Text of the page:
Junon's Harbor Street was famous for the seafood eateries that were dime-a-dozen there. Some joked that the total amount of sea creatures that was served up there daily could probably exceed Junon's human population, and they would have been right.

One of these little seafood restaurants was called 'Nessie's Diner'. Now, obviously, to be crowned with the title of 'Harbor Street Seafood Master', a restaurant would have to be VERY good indeed, given the sheer number of food outlets that operated on that cramped little street. And 'Nessie's Diner' had been the proud holder of that same title for the last thirty-seven years or so, undefeated by any upstart restaurants that tried to wrest the laurels from its grip.

Indeed, the food there was excellent, some critics said; maybe even the best on the continent. Heck, that probably explained why the Diner had survived to its current age of fifty-six. And of course, outliving the other restaurants – victims of internal problems and sabotage – had helped somewhat in cementing the Diner's reputation as Junon's finest seafood joint.

If you had asked one particular man for his opinion of the Diner's food, however, you might not receive such a glowing testimonial of the little outlet.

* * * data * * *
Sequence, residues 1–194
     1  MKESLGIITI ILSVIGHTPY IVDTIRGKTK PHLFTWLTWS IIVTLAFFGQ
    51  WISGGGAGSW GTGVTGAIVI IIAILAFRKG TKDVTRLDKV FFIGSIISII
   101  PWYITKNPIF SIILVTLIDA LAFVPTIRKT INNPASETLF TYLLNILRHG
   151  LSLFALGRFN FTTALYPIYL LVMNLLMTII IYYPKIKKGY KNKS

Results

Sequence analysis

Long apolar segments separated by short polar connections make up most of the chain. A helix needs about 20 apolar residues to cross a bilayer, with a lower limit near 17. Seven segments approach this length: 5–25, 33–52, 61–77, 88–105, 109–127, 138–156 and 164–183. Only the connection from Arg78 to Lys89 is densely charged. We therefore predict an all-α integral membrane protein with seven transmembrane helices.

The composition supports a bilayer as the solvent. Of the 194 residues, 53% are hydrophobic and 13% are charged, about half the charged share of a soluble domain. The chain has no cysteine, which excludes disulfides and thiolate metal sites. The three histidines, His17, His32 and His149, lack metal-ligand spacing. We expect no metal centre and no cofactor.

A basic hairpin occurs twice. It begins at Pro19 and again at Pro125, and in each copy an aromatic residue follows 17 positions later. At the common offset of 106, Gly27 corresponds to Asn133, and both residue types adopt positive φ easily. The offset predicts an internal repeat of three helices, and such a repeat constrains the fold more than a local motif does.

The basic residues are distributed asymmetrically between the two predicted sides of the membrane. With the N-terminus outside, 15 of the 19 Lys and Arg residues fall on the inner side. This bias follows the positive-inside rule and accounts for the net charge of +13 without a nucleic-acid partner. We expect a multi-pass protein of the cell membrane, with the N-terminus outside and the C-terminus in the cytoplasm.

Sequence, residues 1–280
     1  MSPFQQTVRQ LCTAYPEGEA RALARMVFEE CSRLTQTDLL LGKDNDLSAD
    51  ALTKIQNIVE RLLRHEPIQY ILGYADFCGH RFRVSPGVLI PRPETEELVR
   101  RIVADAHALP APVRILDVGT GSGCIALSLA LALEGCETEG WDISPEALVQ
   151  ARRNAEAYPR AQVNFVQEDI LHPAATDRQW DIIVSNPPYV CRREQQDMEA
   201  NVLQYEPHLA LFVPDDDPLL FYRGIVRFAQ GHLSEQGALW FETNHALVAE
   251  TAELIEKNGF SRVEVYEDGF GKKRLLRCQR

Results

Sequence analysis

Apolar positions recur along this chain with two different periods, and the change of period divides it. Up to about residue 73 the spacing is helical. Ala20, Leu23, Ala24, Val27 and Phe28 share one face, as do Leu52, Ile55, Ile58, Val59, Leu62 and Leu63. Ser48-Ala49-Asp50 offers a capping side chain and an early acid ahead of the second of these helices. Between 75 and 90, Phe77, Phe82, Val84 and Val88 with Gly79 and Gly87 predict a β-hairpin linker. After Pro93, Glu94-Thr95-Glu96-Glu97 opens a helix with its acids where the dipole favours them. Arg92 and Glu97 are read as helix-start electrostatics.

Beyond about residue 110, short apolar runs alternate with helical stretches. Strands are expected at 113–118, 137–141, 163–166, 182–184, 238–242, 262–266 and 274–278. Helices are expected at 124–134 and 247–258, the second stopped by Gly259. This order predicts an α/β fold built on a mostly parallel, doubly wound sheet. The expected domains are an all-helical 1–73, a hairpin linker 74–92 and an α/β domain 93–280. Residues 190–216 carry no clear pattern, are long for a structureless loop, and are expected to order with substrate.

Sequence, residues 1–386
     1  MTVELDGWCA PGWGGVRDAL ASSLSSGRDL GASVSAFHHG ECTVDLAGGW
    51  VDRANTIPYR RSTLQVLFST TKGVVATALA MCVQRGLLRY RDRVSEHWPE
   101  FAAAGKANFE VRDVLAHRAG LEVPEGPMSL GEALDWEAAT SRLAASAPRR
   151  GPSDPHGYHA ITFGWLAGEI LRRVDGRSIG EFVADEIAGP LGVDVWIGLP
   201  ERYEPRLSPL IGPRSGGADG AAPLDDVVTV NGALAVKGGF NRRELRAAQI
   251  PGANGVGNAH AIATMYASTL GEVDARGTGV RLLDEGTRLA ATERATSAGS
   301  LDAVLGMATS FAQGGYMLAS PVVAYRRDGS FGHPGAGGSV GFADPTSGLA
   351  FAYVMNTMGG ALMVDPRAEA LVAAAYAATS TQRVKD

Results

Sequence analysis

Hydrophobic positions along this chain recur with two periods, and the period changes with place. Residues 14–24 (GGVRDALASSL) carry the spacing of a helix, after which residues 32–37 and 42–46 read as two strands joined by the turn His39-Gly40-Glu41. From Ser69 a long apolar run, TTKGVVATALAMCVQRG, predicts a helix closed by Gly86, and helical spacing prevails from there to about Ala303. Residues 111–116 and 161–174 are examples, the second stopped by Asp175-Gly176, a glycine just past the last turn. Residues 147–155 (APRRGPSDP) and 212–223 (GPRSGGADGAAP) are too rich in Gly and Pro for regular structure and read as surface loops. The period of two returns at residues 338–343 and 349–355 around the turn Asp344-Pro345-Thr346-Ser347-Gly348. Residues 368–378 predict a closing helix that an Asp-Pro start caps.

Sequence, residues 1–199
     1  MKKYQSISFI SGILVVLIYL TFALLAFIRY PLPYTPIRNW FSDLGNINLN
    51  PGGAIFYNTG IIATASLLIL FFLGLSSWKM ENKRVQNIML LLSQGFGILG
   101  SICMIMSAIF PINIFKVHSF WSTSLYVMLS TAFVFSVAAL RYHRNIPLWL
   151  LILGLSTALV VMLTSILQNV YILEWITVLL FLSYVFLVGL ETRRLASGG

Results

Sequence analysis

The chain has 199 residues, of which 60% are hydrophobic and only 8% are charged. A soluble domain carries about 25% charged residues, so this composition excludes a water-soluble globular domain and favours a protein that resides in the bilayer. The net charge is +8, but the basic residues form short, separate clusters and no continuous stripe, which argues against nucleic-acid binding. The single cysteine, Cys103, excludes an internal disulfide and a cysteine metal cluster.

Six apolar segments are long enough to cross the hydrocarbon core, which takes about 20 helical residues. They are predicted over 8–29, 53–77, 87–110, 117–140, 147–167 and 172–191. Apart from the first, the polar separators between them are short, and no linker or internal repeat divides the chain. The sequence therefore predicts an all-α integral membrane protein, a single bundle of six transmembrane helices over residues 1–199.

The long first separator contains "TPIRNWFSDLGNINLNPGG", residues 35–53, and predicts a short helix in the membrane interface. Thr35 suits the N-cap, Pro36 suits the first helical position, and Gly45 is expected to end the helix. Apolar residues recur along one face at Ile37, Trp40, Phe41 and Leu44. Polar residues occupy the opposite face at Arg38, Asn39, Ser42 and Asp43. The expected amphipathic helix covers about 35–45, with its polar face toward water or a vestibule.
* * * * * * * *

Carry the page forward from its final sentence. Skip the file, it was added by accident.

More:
He came to the Diner once a week, on Friday nights. Not many people knew him, and those who did often kept their silence if asked questions regarding his identity. Some rumors said he was a rich man who lived in Kalm, a mining baron. Others said he was a drug dealer. And yet some others said he was a mercenary.

One was for sure though – he always ordered the fish and chips when he dropped in. Never touched the crabs, lobster, or sushi, nor the famous shark's fin soup. Fish and chips was his Friday night meal, and the proprietor of the Diner didn't even need to ask him what he wanted anymore.

Not only did he eat the same thing every week, he also performed a ritual of sorts after taking his first bite of the food.

Upon tasting the fish, he would stare wistfully at the dish for a few minutes, watching the little plumes of steam curling away from the succulent fried fish, with lemon juice and tartar sauce glistening on its breadcrumb-covered skin. He would then sigh sadly, and proceed to devour the dish with uncanny speed.

Then he would pay up and leave, and the waiter always found a twenty Gil note tucked under the edge of his plate.

If he ever was asked about his strange behavior, he would leave some short, cryptic comments, and make his way out of the little establishment.

"The food here was once very good."

Then, if you reminded him that the same recipe had been used since the Diner's opening, he would shrug and give you the following statement, before taking his leave of you.

"Company adds flavor to food."


The landlady's rules in a little apartment building in Junon were very simple; pay your rent within five days of the month's end, and don't disrupt the peace at any time of the day.

Granted, the rules had to make allowances for the periodic noises being emitted from the massive machines ShinRa had built along Junon's coast, but otherwise, the apartment building was generally as silent as a tomb.